The Taliban Are Ready to Exploit America’s Exit
What a U.S. Withdrawal Means for Afghanistan
The United States, as the world's only superpower, is less vulnerable to military defeat. But it is more vulnerable to the animosity of other countries. Much like a top high school student, if it is modest about its abilities and achievements, if it is generous in helping others, it is loved. But if it attempts to dominate others, it is despised.
American foreign policy needs to change its tone and attitude, open up, and reach out. The Bush administration's arrogant bunker mentality has been counterproductive at home and abroad. My administration will recognize that the United States' main fight today does not pit us against the world but pits the world against the terrorists. At the same time, my administration will never surrender any of our sovereignty, which is why I was the first presidential candidate to oppose ratification of the Law of the Sea Treaty, which would endanger both our national security and our economic interests.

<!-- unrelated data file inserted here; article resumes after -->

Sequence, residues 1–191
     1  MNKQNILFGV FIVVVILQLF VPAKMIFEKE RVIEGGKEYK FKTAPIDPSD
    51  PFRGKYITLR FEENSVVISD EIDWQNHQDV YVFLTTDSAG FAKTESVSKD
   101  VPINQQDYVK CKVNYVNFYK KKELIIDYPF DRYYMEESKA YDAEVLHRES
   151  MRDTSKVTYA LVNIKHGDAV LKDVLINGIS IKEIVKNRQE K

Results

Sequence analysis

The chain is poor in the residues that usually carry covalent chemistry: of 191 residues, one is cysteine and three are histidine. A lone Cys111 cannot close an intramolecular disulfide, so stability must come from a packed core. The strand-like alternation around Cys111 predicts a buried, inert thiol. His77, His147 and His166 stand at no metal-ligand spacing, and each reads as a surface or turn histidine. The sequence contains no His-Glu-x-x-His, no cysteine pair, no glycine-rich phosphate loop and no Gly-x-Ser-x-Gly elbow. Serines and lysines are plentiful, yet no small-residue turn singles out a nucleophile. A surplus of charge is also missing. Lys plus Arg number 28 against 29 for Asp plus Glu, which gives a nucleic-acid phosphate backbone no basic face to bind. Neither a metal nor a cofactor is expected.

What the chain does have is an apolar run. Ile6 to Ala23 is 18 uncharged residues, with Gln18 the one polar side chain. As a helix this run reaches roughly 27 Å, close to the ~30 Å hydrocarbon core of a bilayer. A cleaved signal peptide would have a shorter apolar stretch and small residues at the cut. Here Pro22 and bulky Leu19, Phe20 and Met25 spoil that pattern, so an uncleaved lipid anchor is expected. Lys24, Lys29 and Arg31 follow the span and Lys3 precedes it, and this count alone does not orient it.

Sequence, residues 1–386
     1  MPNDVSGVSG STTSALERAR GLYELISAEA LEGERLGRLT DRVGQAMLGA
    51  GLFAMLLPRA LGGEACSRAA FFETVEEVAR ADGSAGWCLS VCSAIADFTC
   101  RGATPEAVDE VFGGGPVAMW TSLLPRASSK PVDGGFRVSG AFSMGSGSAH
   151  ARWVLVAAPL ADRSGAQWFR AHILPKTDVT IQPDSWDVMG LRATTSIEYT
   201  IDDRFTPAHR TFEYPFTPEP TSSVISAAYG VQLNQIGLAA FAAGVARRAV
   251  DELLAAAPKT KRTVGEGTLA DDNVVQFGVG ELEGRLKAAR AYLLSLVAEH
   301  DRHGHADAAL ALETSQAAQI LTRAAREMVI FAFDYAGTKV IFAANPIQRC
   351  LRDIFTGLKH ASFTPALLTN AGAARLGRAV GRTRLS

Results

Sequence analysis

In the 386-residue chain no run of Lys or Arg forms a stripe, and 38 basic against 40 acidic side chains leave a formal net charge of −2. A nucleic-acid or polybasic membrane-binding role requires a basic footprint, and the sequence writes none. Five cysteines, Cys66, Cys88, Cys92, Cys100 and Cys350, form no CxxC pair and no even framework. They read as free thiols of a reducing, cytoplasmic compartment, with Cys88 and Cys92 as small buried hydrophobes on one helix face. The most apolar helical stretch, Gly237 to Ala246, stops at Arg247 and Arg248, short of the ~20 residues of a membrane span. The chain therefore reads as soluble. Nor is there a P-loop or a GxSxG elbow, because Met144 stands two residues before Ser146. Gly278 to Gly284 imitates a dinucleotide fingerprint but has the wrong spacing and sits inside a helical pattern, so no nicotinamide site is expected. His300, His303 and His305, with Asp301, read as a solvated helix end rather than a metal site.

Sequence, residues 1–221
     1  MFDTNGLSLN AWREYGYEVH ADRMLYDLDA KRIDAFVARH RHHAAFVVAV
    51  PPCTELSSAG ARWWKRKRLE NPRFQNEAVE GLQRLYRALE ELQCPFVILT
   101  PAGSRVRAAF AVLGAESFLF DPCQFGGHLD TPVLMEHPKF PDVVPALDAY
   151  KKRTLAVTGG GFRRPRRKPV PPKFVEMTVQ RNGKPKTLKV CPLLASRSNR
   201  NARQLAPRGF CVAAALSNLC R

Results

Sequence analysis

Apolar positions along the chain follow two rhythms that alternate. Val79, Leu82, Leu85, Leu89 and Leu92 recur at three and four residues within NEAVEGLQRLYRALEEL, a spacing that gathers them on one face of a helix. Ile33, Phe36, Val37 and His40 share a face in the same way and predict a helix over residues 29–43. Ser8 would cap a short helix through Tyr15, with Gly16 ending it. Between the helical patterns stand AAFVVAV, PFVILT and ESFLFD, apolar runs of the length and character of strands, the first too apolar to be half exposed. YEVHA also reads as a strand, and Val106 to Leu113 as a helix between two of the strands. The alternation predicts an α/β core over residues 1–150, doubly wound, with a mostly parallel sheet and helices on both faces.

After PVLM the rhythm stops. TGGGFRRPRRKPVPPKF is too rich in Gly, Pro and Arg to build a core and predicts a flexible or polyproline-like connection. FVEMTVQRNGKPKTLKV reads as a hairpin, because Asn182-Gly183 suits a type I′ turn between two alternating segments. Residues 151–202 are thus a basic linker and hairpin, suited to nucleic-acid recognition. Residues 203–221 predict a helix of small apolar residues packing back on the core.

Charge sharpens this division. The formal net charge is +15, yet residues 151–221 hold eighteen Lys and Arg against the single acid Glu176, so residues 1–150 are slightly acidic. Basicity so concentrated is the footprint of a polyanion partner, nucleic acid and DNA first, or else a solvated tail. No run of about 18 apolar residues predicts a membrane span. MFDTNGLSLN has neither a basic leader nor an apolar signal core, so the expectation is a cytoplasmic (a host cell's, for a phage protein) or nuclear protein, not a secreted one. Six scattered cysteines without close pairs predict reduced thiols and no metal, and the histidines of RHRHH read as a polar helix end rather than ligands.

A more successful U.S. foreign policy needs to better explain Islamic jihadism to the American people. Given how Americans have thrived on diversity—religious, ethnic, racial—it takes an enormous leap of imagination to understand what Islamic terrorists are about, that they really do want to kill every last one of us and destroy civilization as we know it. If they are willing to kill their own children by letting them detonate suicide bombs, then they will also be willing to kill our children for their misguided cause. The Bush administration has never adequately explained the theology and ideology behind Islamic terrorism or convinced us of its ruthless fanaticism. The first rule of war is "know your enemy," and most Americans do not know theirs. To grasp the magnitude of the threat, we first have to understand what makes Islamic terrorists tick. Very few Americans are familiar with the writings of Sayyid Qutb, the Egyptian radical executed in 1966, or the Muslim Brotherhood, whose call to active jihad influenced Osama bin Laden and the rise of al Qaeda. Qutb raged against the decadence and sin he saw around him and sought to restore the "pure" Islam of the seventh century through a theocratic caliphate without national borders. He saw nothing decadent or sinful in murdering in order to achieve that end. America's culture of life stands in stark contrast to the jihadists' culture of death.